Security researchers would say that the Android threat landscape is wide enough already, however, they should be aware that it’s likely to get even wider. This may happen due to the fact that the source code for the GM Bot banking Trojan has leaked.
“The exposure of GM Bot’s code is comparable to the source code leaks of PC Trojans that include Zeus, SpyEye, Carberp and others. While GM Bot may not be as prolific as the major banking Trojans mentioned here, it is definitely a game changer in the realm of mobile threats,” said Limor Kessem, a cyber intelligence expert at IBM Trusteer.
The GM Bot was first offered for sale in 2014, in the Russian-speaking cyber-crime underground. It was categorized as a game changer due to its capability to overlay customized screens on top of running banking applications.
After the users enter their login credentials into these screens instead of the apps, the credentials were forwarded to a server controlled by cyber crooks. Additionally, the GM Bot Banking Trojan can intercept SMS messages or phone calls, which is rather useful when banks communicate the second authentication factor to the user.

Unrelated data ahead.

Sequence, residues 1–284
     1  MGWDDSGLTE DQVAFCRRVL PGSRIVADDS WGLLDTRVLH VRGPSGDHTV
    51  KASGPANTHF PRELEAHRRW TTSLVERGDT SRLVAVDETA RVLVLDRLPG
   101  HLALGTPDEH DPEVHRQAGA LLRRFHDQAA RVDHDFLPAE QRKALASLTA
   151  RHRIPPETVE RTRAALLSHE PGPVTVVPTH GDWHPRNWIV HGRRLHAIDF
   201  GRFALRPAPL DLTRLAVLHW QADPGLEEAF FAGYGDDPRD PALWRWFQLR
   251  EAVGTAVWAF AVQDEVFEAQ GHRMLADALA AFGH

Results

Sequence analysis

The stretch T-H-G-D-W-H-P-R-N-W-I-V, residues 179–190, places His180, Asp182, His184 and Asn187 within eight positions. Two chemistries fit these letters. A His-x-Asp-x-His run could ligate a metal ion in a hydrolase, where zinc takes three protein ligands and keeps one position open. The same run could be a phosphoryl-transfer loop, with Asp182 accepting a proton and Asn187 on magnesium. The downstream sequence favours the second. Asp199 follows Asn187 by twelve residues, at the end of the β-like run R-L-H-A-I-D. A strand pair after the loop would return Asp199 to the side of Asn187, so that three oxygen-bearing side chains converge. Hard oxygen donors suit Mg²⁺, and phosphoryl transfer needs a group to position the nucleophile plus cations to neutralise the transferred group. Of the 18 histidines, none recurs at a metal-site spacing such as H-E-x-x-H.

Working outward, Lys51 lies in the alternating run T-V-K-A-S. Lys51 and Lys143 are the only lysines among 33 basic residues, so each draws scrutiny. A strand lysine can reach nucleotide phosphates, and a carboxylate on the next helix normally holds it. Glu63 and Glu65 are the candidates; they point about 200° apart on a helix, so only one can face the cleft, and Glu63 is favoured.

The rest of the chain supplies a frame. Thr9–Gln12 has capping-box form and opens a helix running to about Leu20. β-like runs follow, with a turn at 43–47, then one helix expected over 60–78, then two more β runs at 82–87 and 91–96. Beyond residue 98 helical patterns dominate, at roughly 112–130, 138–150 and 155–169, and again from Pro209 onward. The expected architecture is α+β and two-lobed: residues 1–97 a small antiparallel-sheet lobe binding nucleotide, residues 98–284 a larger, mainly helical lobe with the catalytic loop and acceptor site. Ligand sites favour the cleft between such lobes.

“Mobile banking Trojans such as GM Bot are a one-stop fraud shop for criminals,” Kessem stated.
Originally, GM Bot was sold on financial fraud-themed underground boards. Apparently, among the ones who bought it there was someone who decided to make the code available to the wider public, alongside a tutorial and installation instructions.
“The reasoning behind leaking the code appears to be one buyer’s personal desire to enhance credibility in the underground boards. To be considered more credible or up their rank, criminals usually have to give something back to the fraudster community they’re a part of; in this case, it was a tutorial explaining the use of mobile malware for online banking fraud,” explains Kessem.
“The fraudster that leaked the code threw in an encrypted archive file of the GM Bot malware source. He indicated he would give the password to the archive only to active forum members who approached him. Those who received the password in turn passed it on to other, unintended users, so the actual distribution of the code went well beyond that discussion board’s member list.”
The leaked code appears to be for the first version of GM Bot, which the author has since “abandoned,” i.e. sold the rights to distribute to another hacker who’s asking for $500 for it.
Most probably, the creator of GM Bot is currently working on a new version of the malware, and he has already started selling it on the underground forums.